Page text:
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OK, So How Come I'm Still Losing?

22 July 1999

You've read one or more of the books on card counting in blackjack. You practiced diligently at home and learned the proper strategy decisions. You can count a deck down in less than 30 seconds. You even went through a learning period in actual casino play where you expected to lose while you honed your counting skills. Now you have been playing for quite some time but you still can't seem to get ahead of the casinos. What on earth is going on here? After all, the books promised that this stuff was going to be easy. You know there are pros out there who are making a living playing blackjack. So now you are wondering, "How come I'm still losing?"

Arnold Snyder said in his most recent edition of Blackbelt in Blackjack, "You will lose." He is right. There is more to counting cards than counting cards. Skilled card counting and the proper use of strategy deviations are only part of the story. In order to be a winning player, you need to be aware of a number of factors that affect your success as a player. These include concepts like standard deviation, proper bet sizing, bankroll and game selection, to name a few. If you do not understand these concepts or if you don't put them to use in the casinos, it is very likely that you are losing and that you will continue to do so until you master them and incorporate them into your play. I will be talking about these issues over the next several articles. If they are unfamiliar to you and you really want to win at the tables, then stick with me over the coming weeks. Although I won't give a quiz at the end, the casinos will. You will know your score by the amount of money you either leave at the tables or put in your pocket.

It is essential for any serious card counter to understand the idea of standard deviation. Simply put, standard deviation is how far away from the norm you can expect to be over a given period of time or number of events. For a card counter, the norm is the expected value of play. If a card counter is using a system that gives the counter a 2% advantage, then the expected value of play is 2 pennies for every dollar put into play. If the counter's average bet is $10, then that counter can expect to earn $20 for every one hundred hands played. But something funny happens when a counter sits down to play. He or she can play one hundred hands and the chances are overwhelming that the end result is going to be something other than the expected value of $20. In fact, for slightly more than two thirds of the time, the counter is likely to be somewhere in the range of losing $90 to winning $130. Another quarter of the time, the counter may be down as much as $200 or up as much as $240. To make things even tougher, the counter may fall within the range of three standard deviations an additional 4.3% of the time, meaning he or she will be in the range of minus $640 to plus $660. According to Don Schlesinger, in his book Blackjack Attack, counters will find themselves within three standard deviations from the norm 99.7% of the time.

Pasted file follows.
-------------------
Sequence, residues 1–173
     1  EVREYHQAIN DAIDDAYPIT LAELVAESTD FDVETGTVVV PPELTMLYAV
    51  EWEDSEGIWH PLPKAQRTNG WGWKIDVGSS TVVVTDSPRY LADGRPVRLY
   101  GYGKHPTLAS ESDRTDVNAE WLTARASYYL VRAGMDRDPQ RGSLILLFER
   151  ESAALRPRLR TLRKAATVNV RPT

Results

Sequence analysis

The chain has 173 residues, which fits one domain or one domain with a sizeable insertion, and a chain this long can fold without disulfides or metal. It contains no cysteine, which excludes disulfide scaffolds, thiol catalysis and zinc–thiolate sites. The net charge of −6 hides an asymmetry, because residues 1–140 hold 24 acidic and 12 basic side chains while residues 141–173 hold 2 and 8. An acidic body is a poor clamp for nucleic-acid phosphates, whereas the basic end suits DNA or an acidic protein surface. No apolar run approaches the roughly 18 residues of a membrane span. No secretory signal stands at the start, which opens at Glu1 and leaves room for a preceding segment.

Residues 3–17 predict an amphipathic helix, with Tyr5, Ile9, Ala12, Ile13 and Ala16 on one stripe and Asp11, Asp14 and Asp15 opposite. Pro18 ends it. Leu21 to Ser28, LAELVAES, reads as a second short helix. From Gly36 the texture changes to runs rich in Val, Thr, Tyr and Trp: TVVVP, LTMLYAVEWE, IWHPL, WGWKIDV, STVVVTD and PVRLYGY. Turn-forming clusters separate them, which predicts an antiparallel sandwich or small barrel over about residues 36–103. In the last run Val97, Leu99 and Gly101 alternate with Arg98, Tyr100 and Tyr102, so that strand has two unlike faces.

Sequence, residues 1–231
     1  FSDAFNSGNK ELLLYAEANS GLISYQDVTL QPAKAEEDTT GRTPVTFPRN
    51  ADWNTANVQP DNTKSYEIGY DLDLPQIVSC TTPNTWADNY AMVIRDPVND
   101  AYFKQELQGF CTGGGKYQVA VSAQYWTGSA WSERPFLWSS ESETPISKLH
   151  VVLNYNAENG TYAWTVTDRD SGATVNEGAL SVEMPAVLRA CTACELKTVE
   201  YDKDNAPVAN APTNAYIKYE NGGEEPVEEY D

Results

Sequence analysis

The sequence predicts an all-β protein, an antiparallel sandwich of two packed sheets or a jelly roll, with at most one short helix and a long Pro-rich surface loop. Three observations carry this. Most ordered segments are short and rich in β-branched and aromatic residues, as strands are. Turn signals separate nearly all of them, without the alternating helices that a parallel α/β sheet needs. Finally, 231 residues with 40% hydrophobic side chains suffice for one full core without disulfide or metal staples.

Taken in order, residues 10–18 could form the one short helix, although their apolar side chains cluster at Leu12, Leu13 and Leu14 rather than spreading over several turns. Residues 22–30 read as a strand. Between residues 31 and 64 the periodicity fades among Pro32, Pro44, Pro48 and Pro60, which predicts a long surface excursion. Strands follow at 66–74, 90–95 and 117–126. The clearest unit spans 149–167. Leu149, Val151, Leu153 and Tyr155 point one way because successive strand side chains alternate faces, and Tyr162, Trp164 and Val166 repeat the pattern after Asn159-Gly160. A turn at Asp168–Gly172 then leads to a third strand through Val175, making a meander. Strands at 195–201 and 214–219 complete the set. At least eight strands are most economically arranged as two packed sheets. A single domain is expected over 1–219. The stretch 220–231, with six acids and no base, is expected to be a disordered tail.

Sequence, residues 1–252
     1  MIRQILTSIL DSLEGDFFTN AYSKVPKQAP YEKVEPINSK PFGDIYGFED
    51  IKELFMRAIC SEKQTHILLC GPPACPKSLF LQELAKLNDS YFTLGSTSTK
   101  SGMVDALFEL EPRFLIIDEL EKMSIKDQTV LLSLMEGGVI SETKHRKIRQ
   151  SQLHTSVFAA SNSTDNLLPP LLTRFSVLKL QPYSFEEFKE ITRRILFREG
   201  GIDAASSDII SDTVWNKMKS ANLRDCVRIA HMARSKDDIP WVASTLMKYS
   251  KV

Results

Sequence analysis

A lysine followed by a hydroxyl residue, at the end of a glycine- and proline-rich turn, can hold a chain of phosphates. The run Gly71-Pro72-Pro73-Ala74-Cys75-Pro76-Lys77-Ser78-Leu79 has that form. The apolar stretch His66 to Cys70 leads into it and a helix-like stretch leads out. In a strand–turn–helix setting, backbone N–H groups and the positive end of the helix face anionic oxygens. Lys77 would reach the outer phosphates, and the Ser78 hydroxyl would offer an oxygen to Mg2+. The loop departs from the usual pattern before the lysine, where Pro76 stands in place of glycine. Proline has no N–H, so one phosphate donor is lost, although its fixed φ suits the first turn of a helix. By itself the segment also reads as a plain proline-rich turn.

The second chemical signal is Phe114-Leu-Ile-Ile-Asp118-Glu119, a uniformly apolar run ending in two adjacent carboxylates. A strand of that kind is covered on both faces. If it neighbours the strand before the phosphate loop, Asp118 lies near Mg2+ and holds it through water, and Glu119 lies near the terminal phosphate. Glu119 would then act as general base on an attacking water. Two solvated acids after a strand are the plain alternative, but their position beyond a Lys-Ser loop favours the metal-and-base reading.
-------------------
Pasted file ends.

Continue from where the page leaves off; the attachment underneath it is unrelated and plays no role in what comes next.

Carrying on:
Put another way, this means that more than 43% of counters with a two percent advantage are going to lose in a 100 hand playing session, which would take about an hour. That's the bad news. However, by its nature, standard deviation decreases as the number of samples rises. The basic standard deviation formula, given by Schlesinger, is 1.1 divided by the square root of the number of hands played. In the example I gave, it would be 1.1 divided by 10, or 11%. For 1000 hands, the standard deviation would be 1.1 divided by 31.62, which would round off to 3.5% of the total dollars bet, or $350 above or below the norm of $200 profit. Three standard deviations would be $1050 off the norm. In 1000 hands of play, 26% of counters in our example would be on the minus side of the ledger. So, the good news is that the longer you play at an advantage, the more likely it is that you will win.

Getting into the long run is important for advantage players. But, that is only part of the story. The standard deviation figures I used are only an example. Standard deviation varies from one game to another and from one betting scheme to another. Based on charts developed by Don Schlesinger and John Auston in Chapter 10 of Blackjack Attack, standard deviation can vary from around 1.5 betting units per hand to nearly six units per hand. Sadly, someone is always going to be on the negative side of the ledger, even with perfect play in very good games. That someone may very well be you. The best you can do is understand the game and the concepts I mentioned at the start of this article. Knowing these concepts and putting them into use can make the difference as to which side of the ledger you will find yourself. I will address these issues in future articles. They truly separate the winners from the losers.

Bootlegger is a frequent contributor to various gaming web pages on the
worldwide web. His intelligent, insightful opinions and analyses have gained him quite a reputation in cyberspace as an expert who knows the games and understands the gambler.
Bootlegger is a frequent contributor to various gaming web pages on the
worldwide web. His intelligent, insightful opinions and analyses have gained him quite a reputation in cyberspace as an expert who knows the games and understands the gambler.